Ireland’s climate policies will make us more car dependent than ever

High time for expansion of rail transport in greater Dublin area to shift travel from the private car

In 2030 there will be more cars on the road in Ireland than there are at present. As a direct result of current climate change policy, the private car will be more embedded in Irish society than ever before.

The current climate-change budget calls for a massive reduction in carbon emissions from the transport sector. The programme for government signed by the Coalition parties in 2020 commits to a 2:1 ratio of investment in public transport in relation to roads. To date, it is difficult to see if this has actually been implemented. Not a single rail project, whether heavy rail, Luas or MetroLink, is actually under construction.

Rather than improving public transport, current plans rely on the bicycle and electric vehicle (EV). There has been a substantial extension of cycling infrastructure. However desirable cycling may be, in terms of emissions, what matters is not the absolute growth in cycle journeys but the extent to which they replace car journeys. There is very little evidence that this is happening.

Cycling has ended up standing for sustainable mobility as a whole. Only a minority — if a growing one — of us cycle, but all of us walk. There is no commitment to upgrade and properly maintain urban pavements, while pedestrianisation is limited to a few much-needed public spaces. Significantly, there is still no enforcement of cycle regulations (above all lighting) and no awareness that in cities cyclists and other micro-mobility users constitute a major new hazard for pedestrians: cycles and scooters cluttering pavements, cyclists routinely jumping traffic lights especially those at pedestrian crossings.


The prospects for electric cars at first seem more positive. EV sales are increasing rapidly. The current target is for a million EVs on Irish roads by 2030. However, if the objective is to reduce emissions, what matters is not the absolute number of EVs but the extent to which internal combustion vehicles have been replaced. Given that the Irish car fleet is replaced over a nine-year period, the “million EVs” target is only possible as part of a substantial increase in the total number of cars and that in turn assumes that car ownership will continue to increase in line with population growth.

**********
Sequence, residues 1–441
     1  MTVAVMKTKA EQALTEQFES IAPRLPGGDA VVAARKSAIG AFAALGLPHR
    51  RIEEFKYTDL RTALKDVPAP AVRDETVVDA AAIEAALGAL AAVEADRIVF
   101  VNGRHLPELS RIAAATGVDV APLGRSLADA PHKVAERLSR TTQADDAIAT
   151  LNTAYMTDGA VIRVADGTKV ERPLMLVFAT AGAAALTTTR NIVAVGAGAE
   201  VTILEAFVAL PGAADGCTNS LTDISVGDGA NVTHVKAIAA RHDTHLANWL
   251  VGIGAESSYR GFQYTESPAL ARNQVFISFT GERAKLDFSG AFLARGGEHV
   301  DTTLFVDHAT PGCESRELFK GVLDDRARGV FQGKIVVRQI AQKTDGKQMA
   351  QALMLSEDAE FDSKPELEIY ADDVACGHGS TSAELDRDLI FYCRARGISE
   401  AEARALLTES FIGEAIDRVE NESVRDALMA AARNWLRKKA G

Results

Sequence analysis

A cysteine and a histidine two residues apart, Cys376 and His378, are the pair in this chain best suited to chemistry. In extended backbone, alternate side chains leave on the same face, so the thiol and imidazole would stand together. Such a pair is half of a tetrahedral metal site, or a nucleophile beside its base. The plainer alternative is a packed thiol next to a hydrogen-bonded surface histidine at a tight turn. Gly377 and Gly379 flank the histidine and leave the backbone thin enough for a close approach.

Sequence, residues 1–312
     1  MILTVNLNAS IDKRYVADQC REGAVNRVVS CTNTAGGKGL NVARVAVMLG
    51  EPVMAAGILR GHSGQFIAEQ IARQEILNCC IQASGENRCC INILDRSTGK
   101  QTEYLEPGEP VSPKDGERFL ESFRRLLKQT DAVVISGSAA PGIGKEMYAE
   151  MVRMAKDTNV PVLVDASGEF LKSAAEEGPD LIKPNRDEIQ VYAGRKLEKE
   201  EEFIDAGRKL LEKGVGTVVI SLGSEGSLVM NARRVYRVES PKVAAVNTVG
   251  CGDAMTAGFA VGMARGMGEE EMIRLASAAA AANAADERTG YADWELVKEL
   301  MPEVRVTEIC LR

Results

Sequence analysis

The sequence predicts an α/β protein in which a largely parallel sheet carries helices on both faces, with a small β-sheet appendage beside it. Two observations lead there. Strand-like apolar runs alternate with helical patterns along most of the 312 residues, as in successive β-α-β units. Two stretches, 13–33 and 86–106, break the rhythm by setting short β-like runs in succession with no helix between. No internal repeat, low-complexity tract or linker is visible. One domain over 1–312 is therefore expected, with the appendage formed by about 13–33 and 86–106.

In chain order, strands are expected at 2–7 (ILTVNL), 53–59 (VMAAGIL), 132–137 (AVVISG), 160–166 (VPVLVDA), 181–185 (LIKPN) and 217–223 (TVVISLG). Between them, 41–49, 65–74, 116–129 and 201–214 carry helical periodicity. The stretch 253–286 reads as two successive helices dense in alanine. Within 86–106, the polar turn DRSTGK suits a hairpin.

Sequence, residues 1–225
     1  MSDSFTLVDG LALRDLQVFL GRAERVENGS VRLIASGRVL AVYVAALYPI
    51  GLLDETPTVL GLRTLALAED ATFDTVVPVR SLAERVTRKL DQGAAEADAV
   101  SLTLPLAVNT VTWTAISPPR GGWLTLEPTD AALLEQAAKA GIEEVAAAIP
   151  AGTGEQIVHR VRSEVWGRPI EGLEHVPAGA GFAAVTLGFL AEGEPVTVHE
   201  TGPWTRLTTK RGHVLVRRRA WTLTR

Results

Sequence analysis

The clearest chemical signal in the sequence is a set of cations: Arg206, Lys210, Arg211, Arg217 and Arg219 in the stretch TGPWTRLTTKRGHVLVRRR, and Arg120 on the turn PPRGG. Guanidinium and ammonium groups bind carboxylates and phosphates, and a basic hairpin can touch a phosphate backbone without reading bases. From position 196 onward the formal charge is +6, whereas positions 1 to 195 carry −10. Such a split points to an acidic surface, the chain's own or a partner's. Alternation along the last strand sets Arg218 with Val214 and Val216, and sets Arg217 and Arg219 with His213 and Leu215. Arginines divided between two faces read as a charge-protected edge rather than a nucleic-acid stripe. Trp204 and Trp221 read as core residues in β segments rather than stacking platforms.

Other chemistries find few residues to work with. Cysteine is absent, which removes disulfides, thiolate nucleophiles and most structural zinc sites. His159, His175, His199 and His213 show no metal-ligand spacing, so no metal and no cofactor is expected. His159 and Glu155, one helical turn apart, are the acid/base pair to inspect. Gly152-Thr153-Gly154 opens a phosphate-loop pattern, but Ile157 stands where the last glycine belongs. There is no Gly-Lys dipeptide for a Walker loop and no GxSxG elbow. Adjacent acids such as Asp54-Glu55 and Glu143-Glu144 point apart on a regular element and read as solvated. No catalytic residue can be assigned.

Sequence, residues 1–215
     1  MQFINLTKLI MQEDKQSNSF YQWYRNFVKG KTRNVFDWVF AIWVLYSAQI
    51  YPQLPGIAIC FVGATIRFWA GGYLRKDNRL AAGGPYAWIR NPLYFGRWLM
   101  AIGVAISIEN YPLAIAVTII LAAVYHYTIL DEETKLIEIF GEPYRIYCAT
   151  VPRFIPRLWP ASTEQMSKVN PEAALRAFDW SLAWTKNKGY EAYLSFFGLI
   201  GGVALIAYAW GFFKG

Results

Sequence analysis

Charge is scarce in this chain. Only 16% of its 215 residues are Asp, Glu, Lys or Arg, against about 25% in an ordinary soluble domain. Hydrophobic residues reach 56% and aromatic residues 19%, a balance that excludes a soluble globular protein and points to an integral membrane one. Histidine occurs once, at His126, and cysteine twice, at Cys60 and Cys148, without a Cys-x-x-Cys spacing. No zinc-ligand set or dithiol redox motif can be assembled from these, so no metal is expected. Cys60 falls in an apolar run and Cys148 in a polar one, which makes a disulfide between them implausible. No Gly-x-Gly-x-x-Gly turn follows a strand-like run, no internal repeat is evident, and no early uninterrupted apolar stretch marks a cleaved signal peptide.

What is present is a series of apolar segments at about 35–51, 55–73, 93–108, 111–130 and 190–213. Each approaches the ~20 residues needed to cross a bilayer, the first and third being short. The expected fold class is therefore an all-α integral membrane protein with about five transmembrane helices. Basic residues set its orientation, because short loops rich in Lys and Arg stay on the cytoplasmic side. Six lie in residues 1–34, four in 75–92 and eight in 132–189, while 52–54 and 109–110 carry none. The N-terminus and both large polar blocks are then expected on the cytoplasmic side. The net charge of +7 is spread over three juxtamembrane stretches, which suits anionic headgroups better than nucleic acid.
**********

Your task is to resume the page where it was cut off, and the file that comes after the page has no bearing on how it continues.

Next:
EVs will no doubt replace petrol and diesel vehicles. However, the environmental benefits of EVs seem to be rather exaggerated. The total emissions of each EV have to include embedded emissions from its manufacture and these are substantial. EVs may have zero emissions, but still produce other pollutants (brake linings, tyres …). There are also important equity issues involved. Given that purchasers of new cars are disproportionately in higher income brackets, any direct or indirect subsidy will benefit the better off.

More fundamentally, supporting EV purchase is to support private consumption which is possible only for the individual car owner. By contrast, investment in public transport is investment in a public good and a public service — anyone can get on the Luas, anyone can travel by train. Often public transport — especially heavy rail — is disproportionately used by the better off (think of the Dart), but this does not negate the fact that it remains transport for the public as a whole. However green EVs may be, they remain private.

The lack of urgency involved in rail projects is exemplified by the continued delays of the MetroLink project. First suggested in the Dublin Transportation Office’s Platform for Change in 2001, a proposal was finally submitted by the National Transport Authority (NTA) to An Bord Planeála on September 30th, 2022. Of the four plans to upgrade and extend the Dart system only Dart+ West has actually been submitted to the planning board and the various new Luas lines remain merely coloured lines on NTA maps.

All of this matters. A serious expansion of rail-based transport in the greater Dublin area is the single most realistic method of shifting journeys away from the private car. Precisely because this requires substantial investment, the obvious need is to make the investment immediately so the benefits materialise as early as possible. Instead, the upgrading of Dublin’s bus routes through the BusConnects project is presented by the NTA as obviating the need for other major rail investment for another decade. As so often in Ireland, investment is postponed — so that it can be cancelled when there is an economic downturn.

The negative effects of extensive car usage are now well established. When a society is car dependent participation is impossible without one: doing the shopping; travelling to school or work; visiting friends; and entertainment — all require that each individual has access to a car. Without adequate and extensive public transport, those who do not have a car risk being excluded from many social interactions. By promoting the “green” private car and continually postponing transport investment, current climate change policy ensures, as the recent Organisation for Economic Co-Operation and Development report on Ireland states, that Ireland will become an even more car-based society.

  • James Wickham is Fellow Emeritus of TCD and author of European Societies Today: Inequality, Diversity, Divergence (Routledge 2020)